Hans Moravec, Professor of Robotics at Carnegie Melon University, holds similar views. In his book “Robot: mere machine to transcendent mind” he provides some benchmark estimates of the computational complexity of a human brain, and some calculations of the point at which sufficient computing power to match it will be achieved. These estimates are very approximate, but the problem of exponential growth is that even a gigantic thousandfold error in his calculation—three orders of magnitude—merely pushes the timescale for a human-equivalent computing system back seven or eight years. If we take Moravec’s guesstimate as gospel, we’ve got about thirty years left on top of the brains trust. Then . . . singularity.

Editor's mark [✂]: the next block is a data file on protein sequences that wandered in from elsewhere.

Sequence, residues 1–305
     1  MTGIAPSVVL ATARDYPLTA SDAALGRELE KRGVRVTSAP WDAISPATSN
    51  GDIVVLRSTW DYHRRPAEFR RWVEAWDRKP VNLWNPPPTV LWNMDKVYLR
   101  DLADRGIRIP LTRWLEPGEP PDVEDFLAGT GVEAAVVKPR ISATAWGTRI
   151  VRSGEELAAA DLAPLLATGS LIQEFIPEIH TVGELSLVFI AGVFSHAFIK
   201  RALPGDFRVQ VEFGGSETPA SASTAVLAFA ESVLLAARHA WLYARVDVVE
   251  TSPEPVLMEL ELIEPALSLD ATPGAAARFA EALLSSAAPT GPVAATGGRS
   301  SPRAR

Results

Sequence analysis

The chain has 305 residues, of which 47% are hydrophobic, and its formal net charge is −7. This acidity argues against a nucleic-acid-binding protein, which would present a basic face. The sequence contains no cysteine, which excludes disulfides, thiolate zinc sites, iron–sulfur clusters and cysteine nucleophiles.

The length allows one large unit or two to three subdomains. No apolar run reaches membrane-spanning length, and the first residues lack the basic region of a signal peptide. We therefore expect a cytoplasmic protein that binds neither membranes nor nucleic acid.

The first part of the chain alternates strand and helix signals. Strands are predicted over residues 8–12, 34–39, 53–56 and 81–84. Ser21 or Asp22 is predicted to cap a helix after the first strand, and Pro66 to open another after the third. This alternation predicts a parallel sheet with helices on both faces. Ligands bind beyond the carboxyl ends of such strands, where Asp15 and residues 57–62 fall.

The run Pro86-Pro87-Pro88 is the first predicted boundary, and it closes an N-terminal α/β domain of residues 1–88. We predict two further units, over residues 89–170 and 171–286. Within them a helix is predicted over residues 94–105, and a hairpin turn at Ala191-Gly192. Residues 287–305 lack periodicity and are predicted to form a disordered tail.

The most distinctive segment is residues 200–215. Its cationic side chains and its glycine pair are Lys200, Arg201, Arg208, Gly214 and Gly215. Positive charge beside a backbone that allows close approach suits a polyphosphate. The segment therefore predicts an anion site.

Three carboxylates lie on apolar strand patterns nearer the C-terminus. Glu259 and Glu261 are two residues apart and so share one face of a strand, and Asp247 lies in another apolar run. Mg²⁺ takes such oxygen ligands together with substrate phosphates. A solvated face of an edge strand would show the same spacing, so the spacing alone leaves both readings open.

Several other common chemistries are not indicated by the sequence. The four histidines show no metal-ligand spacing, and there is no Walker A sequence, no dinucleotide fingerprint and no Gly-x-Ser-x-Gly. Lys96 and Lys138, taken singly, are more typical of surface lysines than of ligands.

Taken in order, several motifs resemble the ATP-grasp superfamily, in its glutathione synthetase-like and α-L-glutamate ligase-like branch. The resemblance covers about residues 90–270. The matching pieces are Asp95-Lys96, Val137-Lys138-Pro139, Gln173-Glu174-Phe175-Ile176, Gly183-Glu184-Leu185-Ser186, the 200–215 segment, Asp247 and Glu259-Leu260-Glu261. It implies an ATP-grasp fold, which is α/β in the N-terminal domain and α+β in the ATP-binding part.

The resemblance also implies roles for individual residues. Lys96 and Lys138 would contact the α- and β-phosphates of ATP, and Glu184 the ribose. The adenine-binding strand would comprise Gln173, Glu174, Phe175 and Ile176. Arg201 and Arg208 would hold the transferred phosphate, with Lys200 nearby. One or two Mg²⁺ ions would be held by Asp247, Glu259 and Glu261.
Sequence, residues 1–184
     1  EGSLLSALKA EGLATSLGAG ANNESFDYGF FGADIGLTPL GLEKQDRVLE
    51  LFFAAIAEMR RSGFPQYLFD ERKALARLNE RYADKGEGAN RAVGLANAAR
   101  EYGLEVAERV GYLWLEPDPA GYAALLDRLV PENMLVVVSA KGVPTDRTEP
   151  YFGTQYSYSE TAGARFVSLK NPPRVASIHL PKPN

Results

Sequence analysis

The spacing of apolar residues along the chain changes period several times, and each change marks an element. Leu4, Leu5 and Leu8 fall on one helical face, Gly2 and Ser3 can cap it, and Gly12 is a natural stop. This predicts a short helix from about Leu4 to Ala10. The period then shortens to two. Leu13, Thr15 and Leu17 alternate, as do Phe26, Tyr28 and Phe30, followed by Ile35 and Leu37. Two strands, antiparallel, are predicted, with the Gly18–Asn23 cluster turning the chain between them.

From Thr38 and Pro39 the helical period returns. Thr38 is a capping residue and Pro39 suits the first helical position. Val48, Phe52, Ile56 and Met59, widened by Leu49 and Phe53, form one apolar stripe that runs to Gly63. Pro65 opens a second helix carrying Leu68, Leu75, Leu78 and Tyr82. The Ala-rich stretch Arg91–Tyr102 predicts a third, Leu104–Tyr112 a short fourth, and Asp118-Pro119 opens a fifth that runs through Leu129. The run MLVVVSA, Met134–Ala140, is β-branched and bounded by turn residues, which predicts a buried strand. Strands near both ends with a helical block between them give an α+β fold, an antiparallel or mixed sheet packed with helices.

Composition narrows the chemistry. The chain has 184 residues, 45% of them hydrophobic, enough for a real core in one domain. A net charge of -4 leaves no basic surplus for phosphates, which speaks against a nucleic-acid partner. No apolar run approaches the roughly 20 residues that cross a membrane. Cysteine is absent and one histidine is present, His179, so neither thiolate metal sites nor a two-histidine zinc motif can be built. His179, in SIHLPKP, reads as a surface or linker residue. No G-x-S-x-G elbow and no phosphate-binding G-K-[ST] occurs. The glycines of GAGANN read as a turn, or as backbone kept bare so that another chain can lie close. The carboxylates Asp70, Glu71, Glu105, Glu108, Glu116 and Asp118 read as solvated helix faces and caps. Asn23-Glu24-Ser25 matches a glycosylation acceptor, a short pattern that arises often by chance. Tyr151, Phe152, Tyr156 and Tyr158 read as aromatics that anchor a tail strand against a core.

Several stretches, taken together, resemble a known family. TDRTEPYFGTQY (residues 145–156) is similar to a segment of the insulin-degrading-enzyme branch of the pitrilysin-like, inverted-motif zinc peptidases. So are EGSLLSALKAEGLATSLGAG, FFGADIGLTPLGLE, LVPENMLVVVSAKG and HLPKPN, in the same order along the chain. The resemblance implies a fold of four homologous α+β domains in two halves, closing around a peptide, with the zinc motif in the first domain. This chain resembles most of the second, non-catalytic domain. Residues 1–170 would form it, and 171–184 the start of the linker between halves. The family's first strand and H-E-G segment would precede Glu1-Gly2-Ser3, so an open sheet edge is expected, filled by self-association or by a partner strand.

These assumptions implicitly assume that Cartesian dualists and believers in an immaterial soul (exemplified by arch-AI skeptic and mathematician Roger Penrose, and philosopher John Searle) are wrong. The assumption that intelligence is a computational process is that of a materialist generation that confidently looks forward across a vast algorithmic gulf and sees no limit to their potential. Just as clockwork was the preferred metaphor for cosmology and biology in the eighteenth and nineteenth centuries, so today the computer has subsumed our vision of the future. As with the clockwork mechanics of the age of enlightenment, it may turn out to be a potent but ultimately limited vision: but unlike the earlier metaphor, computing lends us a fascinating abstraction, the idea of virtualisation—of simulations that are functionally equivalent to the original template.